Understanding and perceptions of final-year Doctor of Pharmacy students about generic medicines in Karachi, Pakistan: a quantitative insight
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General objective: To evaluate the understanding and perceptions of generic medicines among final-year Doctor of Pharmacy students in Karachi, Pakistan. Methods: A 23-item survey instrument that included a question on the bioequivalence limits and Likert-type scale questions regarding the understanding and perceptions of generic medicines among the students was executed. Cronbach’s alpha was found to be 0.62. Results: Responses were obtained from 236 final-year Doctor of Pharmacy students (n=85 from a publicly funded institute; n=151 from a privately funded institute). When comparing a brand-name medicine to a generic medicine, pharmacy students scored poorly on bioequivalence limits. More than 80% of the students incorrectly answered that all the products that are rated as generic equivalents are therapeutically equivalent to each other (P<0.04). Half of the students agreed that a generic medicine is bioequivalent to the brand-name medicine (P<0.001). With regard to quality, effectiveness, and safety, more than 75% of the students disagreed that generic medicines are of inferior quality and are less effective than brand-name medicines (P<0.001). More than 50% of the students disagreed that generic medicines produce more side effects than brand-name medicines (P<0.001). Conclusion: The current study identified a positive perception toward generic medicines but also gaps in the understanding of generic medicines. Pharmacy students lacked a thorough understanding of the concepts of bioequivalence. Pharmacy academia should address these issues, which will help build confidence in generic medicines and increase the generic medicine use in Pakistan.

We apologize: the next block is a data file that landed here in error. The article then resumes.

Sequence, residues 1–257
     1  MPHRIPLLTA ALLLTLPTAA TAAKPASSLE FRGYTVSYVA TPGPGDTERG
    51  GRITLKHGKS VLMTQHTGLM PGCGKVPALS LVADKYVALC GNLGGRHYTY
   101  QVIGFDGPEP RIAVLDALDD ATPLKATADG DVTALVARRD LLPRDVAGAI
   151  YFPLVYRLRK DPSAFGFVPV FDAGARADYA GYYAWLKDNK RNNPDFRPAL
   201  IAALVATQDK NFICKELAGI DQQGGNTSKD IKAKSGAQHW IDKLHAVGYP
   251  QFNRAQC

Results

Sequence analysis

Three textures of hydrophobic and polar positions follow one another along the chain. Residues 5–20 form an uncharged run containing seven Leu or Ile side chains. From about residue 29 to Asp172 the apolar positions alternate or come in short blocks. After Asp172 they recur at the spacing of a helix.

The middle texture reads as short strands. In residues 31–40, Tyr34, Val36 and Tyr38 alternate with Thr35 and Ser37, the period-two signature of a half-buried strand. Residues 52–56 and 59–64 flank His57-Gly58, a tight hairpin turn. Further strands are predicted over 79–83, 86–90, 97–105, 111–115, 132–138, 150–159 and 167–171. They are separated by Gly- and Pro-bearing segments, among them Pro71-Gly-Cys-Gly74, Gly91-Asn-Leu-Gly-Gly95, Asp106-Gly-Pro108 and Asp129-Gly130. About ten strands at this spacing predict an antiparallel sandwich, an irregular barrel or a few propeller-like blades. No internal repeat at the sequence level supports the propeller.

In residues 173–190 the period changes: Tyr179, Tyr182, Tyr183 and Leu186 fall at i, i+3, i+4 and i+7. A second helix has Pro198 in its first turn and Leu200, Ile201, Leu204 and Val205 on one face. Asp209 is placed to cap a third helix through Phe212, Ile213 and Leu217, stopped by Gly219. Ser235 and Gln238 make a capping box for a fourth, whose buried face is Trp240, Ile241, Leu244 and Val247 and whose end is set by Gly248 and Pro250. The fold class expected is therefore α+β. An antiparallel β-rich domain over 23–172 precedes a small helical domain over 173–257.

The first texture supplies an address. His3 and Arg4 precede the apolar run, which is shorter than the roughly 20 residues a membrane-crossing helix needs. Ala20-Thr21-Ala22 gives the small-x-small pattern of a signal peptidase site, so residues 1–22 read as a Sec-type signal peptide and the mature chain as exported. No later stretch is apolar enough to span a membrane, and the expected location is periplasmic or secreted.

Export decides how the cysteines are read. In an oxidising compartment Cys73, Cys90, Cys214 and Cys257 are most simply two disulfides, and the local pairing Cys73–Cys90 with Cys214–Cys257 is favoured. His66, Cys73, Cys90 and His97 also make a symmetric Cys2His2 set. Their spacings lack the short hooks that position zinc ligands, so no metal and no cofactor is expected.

- Pharmacy Research [104 items ]